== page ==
Another prominent feature of the Vat Wisunalat is That Pathoum, Stupa of the Great Lotus or popularly known That Makmo, the Watermelon Stupa placed in the front and northeastern side of the sim. This rounded dome sets on a number of different square tiers reflects a Sinhalese influence; it is considered the only rounded dome stupa in the country.
The Royal Palace Museum also known as Ancient National Museum was built in 1904 to serve as a new residence for the monarchs of Luang Prabang. Opposite Phou Si Mountain and adjacent to the left bank of the Mekong river Royal Palace Museum is a wonderful structure of both French and Lao craft. The site of the palace was chosen so visitors could formally disembark from their river voyages and taken directly to the palace.
The palace was built of brick and stucco, the main building is a combination of French Beaux Arts and Laotian architectural ideas and motifs. The structure has two separate cruciform-style sections allied by large throne room. The walls and ceiling of the Throne room are adorned with sophisticated glass mosaic; within the room is the selection of royal paraphernalia such as elaborated swords and scabbards, as well as religious artifacts including Buddha images and mural paintings depict daily life of Luang Prabang during the old regime.
The front section of the museum serves as the main exhibition area. Its entry hall reflects the position of Buddhism in the former Lao Kingdom while the rear section of the building are five big rooms that served as monarch’s private quarters showcasing King’s and queen’s bedroom, dining room and library.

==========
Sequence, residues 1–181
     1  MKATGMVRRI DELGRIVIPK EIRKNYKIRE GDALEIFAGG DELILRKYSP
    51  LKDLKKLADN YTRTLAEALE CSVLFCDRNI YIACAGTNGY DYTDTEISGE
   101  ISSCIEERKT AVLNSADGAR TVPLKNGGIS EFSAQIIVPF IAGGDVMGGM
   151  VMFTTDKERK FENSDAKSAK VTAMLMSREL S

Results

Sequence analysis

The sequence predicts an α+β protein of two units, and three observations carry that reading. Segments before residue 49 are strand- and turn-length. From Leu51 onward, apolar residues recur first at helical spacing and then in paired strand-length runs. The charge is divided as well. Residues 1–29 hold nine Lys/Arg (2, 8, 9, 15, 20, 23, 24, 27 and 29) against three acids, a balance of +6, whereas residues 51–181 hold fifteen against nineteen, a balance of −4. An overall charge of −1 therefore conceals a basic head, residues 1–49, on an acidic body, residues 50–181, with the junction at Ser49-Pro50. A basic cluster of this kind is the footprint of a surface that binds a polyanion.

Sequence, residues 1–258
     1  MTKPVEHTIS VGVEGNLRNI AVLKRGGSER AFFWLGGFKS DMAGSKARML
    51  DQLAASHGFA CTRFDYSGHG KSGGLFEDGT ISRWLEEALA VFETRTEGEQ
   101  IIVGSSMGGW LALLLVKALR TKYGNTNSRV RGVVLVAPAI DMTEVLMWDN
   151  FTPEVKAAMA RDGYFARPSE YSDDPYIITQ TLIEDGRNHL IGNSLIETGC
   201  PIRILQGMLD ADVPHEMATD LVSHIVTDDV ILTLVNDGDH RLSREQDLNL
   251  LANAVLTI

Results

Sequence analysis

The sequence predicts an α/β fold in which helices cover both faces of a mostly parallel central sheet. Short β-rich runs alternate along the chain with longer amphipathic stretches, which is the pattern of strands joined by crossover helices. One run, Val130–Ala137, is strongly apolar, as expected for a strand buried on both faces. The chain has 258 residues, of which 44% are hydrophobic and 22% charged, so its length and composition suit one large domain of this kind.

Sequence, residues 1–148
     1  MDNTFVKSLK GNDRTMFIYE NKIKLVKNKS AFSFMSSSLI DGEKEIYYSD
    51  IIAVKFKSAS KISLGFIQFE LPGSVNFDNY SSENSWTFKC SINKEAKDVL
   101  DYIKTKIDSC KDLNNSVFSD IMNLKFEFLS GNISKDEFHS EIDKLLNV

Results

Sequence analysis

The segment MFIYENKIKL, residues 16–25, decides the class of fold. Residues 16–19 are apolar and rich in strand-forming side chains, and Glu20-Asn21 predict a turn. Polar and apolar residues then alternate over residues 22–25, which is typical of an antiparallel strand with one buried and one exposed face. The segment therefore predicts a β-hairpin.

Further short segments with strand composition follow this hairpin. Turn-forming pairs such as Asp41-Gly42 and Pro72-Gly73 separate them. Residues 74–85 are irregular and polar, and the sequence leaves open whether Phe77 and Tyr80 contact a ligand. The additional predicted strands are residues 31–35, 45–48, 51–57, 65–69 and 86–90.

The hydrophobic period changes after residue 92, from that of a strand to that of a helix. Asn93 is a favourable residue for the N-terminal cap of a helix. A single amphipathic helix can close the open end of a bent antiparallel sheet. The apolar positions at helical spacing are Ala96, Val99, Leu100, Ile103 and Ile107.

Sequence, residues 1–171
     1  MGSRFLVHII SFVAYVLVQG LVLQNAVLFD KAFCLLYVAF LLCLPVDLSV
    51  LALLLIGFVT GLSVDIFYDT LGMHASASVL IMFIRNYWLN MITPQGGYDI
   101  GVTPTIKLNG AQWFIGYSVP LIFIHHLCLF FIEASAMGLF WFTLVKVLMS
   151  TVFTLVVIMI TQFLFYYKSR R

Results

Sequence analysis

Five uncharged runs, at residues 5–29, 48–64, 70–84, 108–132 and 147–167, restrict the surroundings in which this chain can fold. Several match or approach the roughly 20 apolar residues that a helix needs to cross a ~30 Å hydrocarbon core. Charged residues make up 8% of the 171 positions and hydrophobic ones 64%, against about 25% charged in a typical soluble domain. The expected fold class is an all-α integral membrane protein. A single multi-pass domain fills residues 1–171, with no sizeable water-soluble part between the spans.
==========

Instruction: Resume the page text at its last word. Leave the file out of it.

There are also numerous buildings within the palace compound including the Ballet Theater wherein traditional dances and plays of Ramayana epic are being shown, the conference hall, cultural hall, temple and the boathouse.
Mt. Phousi is Holy Mountain right at the center of the old town of Luang Prabang. In order to reach the summit of the mountain one must climb 328 stairs. The summit offers a breathtaking 360 degree view of Luang Prabang, Mekong River, Nam Khan and the surrounding countryside. Within the summit is That Comsi, a stupa in which some royal remains were buried.
Date of Inscription: 1995 – UNESCO List http://whc.unesco.org/en/list/479
Vat Phou and Associated Ancient Settlements within the Champasak Cultural Landscape
Inscribed as a World Heritage on the 13th of December 2001the The temple Complex of Vat Phou endures an exceptional testimony to the culture of South-east Asia. A remarkable archeological site dating to the times of the vast Khmer Empire, Vat Phou offers a serene rural nature that has remained unchanged for a thousand years.